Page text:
Lorna Adhiambo, 28, lies helplessly outside the spot where her home once stood in Ogada Village of Nyahera in Kisumu.
She is terminally ill and has been left under the care of her grandmother Mary Aluoch, who is equally weak.
A fortnight ago, angry villagers, known very well to her, bludgeoned her parents to death and burnt their two houses.
Their sins? Witchcraft, according to the villagers.
Such is the terror enveloping Nyahera as citizens take the law in their hands, and the police say the situation is likely to get out of hand since “certain sections of the new Constitution force us to release suspects, who are invariably lynched by enraged mobs”.
“The crowd pounced on us after the body of an eight-year-old girl was found in a maize plantation. They blamed her death on my parents,” sobs Adhiambo, who has lost two children, to use her adverb, mysteriously.
Within a year, two of her daughters were found dead in the homestead’s backyard. Their private parts, she told us, had been chopped off, and villagers pointed a finger at her parents.
When Adhiambo was pregnant with her fourth child, she says, the husband left her because of the witchcraft allegations.
“He left with our third child fearing the baby would also be killed. That’s when I began to search for truth behind the deaths of my children.
“One of the strategies I applied was to try and get closer to the top suspect — my real father — but he was lynched before I could complete my mission,” she sobs.
On the morning her father Bonga Odenyo and mother Nereah Akinyi were lynched, the body of Margaret Adhiambo, 8, had been found on a farm a day after she had disappeared.
Margaret’s mother, Theresa Onyango, said she had sent her daughter to buy floor and cooking oil, but she never returned home.
“Armed with machetes and other weapons, our neighbours forced their way into our homestead and dragged my mother to the field, where they were also holding my dad,” a teary Adhiambo recalls.
She remembers the enraged neighbours singing and chanting “Bonga ichinjo wa ndalo ma thoth (Bonga, you have butchered our own for long)” as they stoned them to death.
“I cannot describe the pain. My parents were killed in the manner people use to kill snakes. I wished I could help. They should have spared at least one of them to care for us,” regrets Adhiambo.
Not even the police could save the couple from the irate mob. “They were overwhelmed, and soon my parents were lifeless.”
After the crowd confirmed that Mr and Mrs Bonga were dead, they dragged the bodies into one of their houses and set them ablaze, claiming that, by so doing, they would completely get rid of the evil spirits they had been using to kill people.
“I only managed to crawl into the house and save my antiretroviral drugs before the villagers set it ablaze,” says Adhiambo.
The villagers had barred police officers from taking the bodies to the mortuary, saying that their ‘spirits’ had to burn with the bodies.
A villager (name withheld) who participated in the lynching says the whole village has decided to flush out and kill anyone suspected of being a witch.
To prove that Mr Bonga and his wife were indeed witches, the villager says a large snake slithered out of one the houses when they were torched, but it was stoned to death and pushed back to the burning house.
The lynching of suspected witches has been prevalent in Kisii and Nyamira districts, and now Kisumu seems to have borrowed a leaf.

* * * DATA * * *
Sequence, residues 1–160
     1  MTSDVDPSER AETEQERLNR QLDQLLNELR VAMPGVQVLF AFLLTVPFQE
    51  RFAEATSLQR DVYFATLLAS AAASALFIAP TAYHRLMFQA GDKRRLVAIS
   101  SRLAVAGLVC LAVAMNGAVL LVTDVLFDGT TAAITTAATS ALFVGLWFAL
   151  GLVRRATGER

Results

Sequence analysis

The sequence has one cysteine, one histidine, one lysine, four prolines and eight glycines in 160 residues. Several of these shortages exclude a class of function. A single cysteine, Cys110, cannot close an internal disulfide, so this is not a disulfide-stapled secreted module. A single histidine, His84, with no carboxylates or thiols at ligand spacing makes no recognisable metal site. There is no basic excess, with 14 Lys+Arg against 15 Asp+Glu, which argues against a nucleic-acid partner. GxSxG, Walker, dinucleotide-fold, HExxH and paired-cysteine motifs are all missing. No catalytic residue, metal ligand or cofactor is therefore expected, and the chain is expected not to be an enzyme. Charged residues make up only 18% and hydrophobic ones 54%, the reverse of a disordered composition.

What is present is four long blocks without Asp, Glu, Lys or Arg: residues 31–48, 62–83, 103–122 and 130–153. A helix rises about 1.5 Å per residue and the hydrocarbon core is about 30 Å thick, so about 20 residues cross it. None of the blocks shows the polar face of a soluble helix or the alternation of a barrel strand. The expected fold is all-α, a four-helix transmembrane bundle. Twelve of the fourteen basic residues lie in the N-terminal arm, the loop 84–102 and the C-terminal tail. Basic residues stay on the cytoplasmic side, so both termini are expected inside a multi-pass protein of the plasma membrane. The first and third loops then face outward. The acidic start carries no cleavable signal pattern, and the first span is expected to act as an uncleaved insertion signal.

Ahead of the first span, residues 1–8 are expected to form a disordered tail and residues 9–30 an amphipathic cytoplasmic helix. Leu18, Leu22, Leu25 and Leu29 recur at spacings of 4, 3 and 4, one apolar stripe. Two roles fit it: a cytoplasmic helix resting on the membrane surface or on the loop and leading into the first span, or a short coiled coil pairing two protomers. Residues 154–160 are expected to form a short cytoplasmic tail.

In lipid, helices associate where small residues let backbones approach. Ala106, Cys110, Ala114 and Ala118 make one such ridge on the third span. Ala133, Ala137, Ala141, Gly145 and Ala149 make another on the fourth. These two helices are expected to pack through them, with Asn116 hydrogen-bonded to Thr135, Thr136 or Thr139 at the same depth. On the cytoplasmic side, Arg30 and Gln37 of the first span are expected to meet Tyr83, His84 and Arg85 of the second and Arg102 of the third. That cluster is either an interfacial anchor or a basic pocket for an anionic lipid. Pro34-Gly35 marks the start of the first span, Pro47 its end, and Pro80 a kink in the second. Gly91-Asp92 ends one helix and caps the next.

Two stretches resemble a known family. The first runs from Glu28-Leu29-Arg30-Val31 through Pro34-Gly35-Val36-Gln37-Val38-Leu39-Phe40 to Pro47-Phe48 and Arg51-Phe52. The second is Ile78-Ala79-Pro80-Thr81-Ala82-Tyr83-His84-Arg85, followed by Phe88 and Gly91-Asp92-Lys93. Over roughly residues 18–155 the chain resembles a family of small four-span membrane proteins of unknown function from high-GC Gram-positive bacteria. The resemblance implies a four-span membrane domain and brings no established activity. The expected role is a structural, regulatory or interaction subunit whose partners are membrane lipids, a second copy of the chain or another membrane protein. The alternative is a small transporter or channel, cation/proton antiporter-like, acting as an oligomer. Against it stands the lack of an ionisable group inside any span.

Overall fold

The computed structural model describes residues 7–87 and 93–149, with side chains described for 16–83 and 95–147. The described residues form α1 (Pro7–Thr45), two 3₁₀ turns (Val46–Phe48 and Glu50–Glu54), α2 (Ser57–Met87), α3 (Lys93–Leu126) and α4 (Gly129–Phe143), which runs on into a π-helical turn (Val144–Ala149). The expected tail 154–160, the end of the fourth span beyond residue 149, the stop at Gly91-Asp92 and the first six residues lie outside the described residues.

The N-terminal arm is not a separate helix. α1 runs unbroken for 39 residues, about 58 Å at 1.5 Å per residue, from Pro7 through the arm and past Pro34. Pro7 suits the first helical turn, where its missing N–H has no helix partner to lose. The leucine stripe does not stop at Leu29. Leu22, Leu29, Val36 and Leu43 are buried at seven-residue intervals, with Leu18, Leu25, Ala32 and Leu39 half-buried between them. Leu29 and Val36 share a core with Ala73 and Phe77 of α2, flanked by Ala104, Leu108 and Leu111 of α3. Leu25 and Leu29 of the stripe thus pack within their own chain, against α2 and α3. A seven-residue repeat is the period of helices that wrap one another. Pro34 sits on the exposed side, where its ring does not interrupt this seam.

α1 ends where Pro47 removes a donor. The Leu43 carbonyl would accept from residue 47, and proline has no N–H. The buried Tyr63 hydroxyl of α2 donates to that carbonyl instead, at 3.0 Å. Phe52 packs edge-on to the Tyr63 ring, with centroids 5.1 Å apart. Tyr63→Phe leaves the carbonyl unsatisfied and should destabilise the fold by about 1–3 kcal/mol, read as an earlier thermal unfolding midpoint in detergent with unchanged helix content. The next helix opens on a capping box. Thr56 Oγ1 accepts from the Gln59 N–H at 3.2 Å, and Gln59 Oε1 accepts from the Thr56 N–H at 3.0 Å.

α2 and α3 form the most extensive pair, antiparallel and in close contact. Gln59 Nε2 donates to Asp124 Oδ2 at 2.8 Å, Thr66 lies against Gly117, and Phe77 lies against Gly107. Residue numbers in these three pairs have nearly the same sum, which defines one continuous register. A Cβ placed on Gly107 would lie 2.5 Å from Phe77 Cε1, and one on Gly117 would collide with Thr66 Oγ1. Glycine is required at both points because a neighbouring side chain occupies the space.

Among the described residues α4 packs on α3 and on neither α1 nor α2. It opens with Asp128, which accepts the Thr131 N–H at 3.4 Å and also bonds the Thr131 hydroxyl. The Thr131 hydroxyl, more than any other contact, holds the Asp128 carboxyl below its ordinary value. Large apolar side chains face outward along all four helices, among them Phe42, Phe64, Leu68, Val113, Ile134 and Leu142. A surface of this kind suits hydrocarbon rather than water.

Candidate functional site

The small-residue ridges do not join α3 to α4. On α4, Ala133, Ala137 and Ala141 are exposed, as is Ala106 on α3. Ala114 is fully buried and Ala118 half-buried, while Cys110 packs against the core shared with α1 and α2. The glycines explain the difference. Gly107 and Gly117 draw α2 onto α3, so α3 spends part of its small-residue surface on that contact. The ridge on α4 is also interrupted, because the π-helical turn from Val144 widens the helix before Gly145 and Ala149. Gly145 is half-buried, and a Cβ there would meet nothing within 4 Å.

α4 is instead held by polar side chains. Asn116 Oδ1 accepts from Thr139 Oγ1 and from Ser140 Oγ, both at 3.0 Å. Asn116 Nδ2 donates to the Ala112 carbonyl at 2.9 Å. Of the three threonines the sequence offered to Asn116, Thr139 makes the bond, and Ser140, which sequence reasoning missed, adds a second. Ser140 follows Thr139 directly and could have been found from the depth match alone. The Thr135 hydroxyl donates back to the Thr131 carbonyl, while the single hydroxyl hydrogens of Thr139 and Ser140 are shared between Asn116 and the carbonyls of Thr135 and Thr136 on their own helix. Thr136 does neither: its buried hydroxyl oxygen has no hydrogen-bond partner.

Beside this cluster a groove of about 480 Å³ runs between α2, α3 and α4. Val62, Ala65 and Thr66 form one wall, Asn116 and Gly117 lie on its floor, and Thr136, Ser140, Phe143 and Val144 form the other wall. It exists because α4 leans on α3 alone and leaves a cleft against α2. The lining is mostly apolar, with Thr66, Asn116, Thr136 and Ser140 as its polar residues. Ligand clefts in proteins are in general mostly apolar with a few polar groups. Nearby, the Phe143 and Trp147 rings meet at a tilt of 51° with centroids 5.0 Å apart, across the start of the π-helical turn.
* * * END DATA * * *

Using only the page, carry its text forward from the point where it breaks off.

Apart the suspected witches, those who associate with them or help them also face the same fiery wrath. And the mob variety of justice has extended its firm hand to other “transgressions” as well.
For example, on the morning of March 11, Kokul Village of Nyakach woke up to the foulest of murders. A man aged 72 and his wife had been burnt beyond recognition in their sleep.
Marcus Ong’idi is said to have been set ablaze by fellow villagers who claimed he had been helping members of a rival clan to graze their cattle on his clan’s piece of earth.
The clan, according to one of the victim’s sons George Ochieng, 38, had been embroiled in dispute with the villagers for a long time, with accusations of stock theft flying whenever tempers flared.
Chanting war songs
Ong’idi lived on the border between Nyando and Nyakach with his two sons and his ailing wife, Dorina Nyarang’.
George told our crew that the gang struck at around 8:30pm, chanting war songs as they hurled stones onto the iron roof of their small dwelling.
“They started with our parent’s home, and forced their way into the house where the old man and his wife were sleeping.
“They destroyed everything in the house and set it on fire. We could not rescue them because we feared for our lives,” he says, fighting back tears.
“They destroyed all the property and slashed several calves and a dog before burning the carcasses as well.”
It happened as Ochieng’ watched from a nearby sugarcane farm, where he had scampered to hide from the mob.
“I wanted to come out and rescue them, but I knew too well that they would kill me. I helplessly watched the group, which was composed of more than 20 men.”
And he says he knows most of the attackers. One of them, he says, lives near the home of the victims and was seated outside his house with his family and friends during our visit “to watch as mourners arrived.”
Villagers who arrived to console the family said the feud between Ong’idi and his clan had lasted for several years.
In another incident, three men were lynched by the public in Kasawino village of Kisumu’s Nyamasaria area on suspicion of being robbers.
Property worth hundreds of thousands of shillings was recovered from a house the men are said to have lived in.